there about 7 o'clock on the morning of the 27th of August. We estimated the distance to be from 18 to 19 miles.
Question. What was the condition of the troops under your command on the evening of the 27th, with respect to fatigue?
Answer. They were very much broken down. I mean by that that they were very weary. We had a great many stragglers that day.
Question. Do you remember whether the day of the 27th of August was hot and dusty?
Answer. It was a very warm day. I do not recollect as to the dust.
Question. State what was the character of the night between the 27th and the 28th of August.
Answer. The night of the 27th and the morning of the 28th were very dark. It rained a little about 10 o'clock that night, I should think; very little, just sprinkled.
Question. What was the condition of the road between Warrenton Junction and Bristoe Station during that night and in the morning?
Answer. I did not know the condition of the road that night, nor did I know it in the morning; that is, the entire road. The question is not definite.
Question. I mean with reference to the obstructions which you met, if any.
Answer. I received an order about 12 o'clock on the night of the 27th of August to move my brigade at 3 o'clock in the morning. At 3 o'clock in the morning I started from camp toward Bristoe Station, and marched about a mile or less to where I halted, and there I remained at the head of my column until about two hours after daylight. I know that the artillery which followed the brigade, that is, a carriage or two of the artillery which followed the brigade, got stuck in the mud, or in a little creek, and had trouble in getting out. I also know that at 3 o'clock it was very dark, so dark that I used candles with my leading regiments to get through a little piece of woods which we left, in which we had been encamped. I also know that there is a bad place for artillery at Catlett's Station. There is a very steep hill there, and also a piece of woods where the road is winding, and which would have made it difficult for artillery carriages to pass along, especially on a dark night. In fact, along on all the road to Bristoe Station there are several little places that would be very bad for artillery to pass over at night-almost impossible in a dark night-that might be passed over in the daytime.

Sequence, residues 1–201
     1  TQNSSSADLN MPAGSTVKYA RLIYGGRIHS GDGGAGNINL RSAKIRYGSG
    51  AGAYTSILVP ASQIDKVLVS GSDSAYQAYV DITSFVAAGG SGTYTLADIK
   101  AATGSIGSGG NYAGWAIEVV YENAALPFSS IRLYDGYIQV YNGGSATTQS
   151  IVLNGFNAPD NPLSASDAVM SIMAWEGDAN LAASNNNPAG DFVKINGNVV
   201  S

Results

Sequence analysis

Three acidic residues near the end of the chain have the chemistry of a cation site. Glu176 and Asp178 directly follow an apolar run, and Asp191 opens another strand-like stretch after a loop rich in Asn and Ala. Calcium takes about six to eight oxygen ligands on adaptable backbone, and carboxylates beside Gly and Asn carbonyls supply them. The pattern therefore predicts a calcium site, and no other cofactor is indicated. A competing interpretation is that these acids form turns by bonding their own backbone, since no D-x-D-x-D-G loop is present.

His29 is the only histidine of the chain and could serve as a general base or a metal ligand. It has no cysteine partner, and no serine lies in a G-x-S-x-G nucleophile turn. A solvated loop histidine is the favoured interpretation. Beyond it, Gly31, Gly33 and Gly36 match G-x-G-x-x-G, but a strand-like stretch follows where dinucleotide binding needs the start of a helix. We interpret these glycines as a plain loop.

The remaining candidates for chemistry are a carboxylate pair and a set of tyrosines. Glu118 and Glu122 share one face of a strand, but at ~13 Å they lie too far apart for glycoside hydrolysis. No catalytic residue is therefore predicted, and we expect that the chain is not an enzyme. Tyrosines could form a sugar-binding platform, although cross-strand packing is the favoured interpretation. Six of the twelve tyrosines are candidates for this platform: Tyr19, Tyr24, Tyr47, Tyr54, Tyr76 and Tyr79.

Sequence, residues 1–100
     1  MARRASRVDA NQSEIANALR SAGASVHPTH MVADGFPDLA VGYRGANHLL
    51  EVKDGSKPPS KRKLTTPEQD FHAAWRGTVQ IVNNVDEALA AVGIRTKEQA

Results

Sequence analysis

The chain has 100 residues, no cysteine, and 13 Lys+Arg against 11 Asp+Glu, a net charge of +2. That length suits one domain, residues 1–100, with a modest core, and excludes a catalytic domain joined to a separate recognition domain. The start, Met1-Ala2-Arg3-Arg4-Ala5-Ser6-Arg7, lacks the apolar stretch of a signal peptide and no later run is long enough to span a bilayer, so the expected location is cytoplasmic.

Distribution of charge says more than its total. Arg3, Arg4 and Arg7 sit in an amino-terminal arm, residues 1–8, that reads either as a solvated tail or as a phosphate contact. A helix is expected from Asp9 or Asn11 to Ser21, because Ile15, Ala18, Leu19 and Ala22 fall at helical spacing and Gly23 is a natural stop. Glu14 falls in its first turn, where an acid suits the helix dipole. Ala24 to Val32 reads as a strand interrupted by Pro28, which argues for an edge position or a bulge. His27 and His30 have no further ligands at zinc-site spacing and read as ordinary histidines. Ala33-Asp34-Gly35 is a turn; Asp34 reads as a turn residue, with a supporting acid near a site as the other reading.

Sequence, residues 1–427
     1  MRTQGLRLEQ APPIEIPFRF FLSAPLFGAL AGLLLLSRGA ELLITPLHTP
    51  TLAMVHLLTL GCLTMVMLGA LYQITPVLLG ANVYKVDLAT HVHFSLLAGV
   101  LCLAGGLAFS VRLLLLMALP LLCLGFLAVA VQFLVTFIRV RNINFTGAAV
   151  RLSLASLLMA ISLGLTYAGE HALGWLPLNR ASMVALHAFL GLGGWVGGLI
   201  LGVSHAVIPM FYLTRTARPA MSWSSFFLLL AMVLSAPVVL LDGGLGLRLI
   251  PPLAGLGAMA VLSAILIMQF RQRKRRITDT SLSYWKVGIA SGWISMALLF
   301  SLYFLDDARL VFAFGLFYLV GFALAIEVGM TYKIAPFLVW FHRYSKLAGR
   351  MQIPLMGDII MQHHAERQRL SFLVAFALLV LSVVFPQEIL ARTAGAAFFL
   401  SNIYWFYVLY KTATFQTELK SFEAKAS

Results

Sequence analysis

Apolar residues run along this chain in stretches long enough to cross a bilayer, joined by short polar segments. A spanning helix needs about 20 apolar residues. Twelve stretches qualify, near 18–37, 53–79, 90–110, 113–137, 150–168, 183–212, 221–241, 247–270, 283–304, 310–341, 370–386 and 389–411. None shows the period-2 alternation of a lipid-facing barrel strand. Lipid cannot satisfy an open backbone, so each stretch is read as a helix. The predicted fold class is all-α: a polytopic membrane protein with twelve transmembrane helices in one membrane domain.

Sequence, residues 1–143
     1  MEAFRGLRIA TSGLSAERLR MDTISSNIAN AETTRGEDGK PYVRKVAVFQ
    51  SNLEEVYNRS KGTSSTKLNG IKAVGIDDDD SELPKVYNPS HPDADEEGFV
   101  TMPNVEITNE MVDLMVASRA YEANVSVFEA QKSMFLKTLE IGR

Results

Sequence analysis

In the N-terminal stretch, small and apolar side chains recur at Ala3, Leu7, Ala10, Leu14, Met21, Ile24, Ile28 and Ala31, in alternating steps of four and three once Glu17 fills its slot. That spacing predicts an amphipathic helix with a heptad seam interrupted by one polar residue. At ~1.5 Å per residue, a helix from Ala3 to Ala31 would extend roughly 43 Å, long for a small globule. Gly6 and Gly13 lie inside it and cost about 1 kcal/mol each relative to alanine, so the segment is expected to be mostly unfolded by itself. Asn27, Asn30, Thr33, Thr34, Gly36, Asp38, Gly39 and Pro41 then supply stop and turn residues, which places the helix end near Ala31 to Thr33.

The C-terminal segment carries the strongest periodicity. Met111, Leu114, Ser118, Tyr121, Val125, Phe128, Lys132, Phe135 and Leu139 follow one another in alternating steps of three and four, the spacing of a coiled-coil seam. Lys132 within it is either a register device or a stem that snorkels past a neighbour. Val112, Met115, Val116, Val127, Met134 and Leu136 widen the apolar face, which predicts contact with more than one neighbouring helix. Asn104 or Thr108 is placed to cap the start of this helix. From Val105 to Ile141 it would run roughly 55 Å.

Question. What caused you to halt when you did halt?
Answer. I halted because I found, when I got to the point where I did halt, that I had only a portion of my brigade with me. In the darkness, by some accident or other, we had become separated, and I halted to get my brigade together; and the artillery, I presume, is what detained us there until we started again. That is my impression; I do not know that positively. General Morell was in command of the division.
Question. What time was reveille that night?
Answer. As near as I can recollect, reveille was at half-past 1-about an hour and a half before we started.
Question. If you had attempted to start at 1 o'clock, what would have been the proper time for reveille, considering the condition of the command and the state of the night?
Answer. We generally allow two hours for a command to get ready; sometimes only an hour and a half, as in this instance. Reveille ought to have been at least at half past 11, if we had started at 1 o'clock; I mean, of course, to give the men time to get their breakfast. We allow time to get breakfast, and to get ready to march. An hour and a half is as little as any command can do that in.
Question. With a view to reaching Bristoe Station as early as possible that morning and doing duty there, would it have been expedient or judicious to have started at 1 o'clock that night?
Answer. I think decidedly not.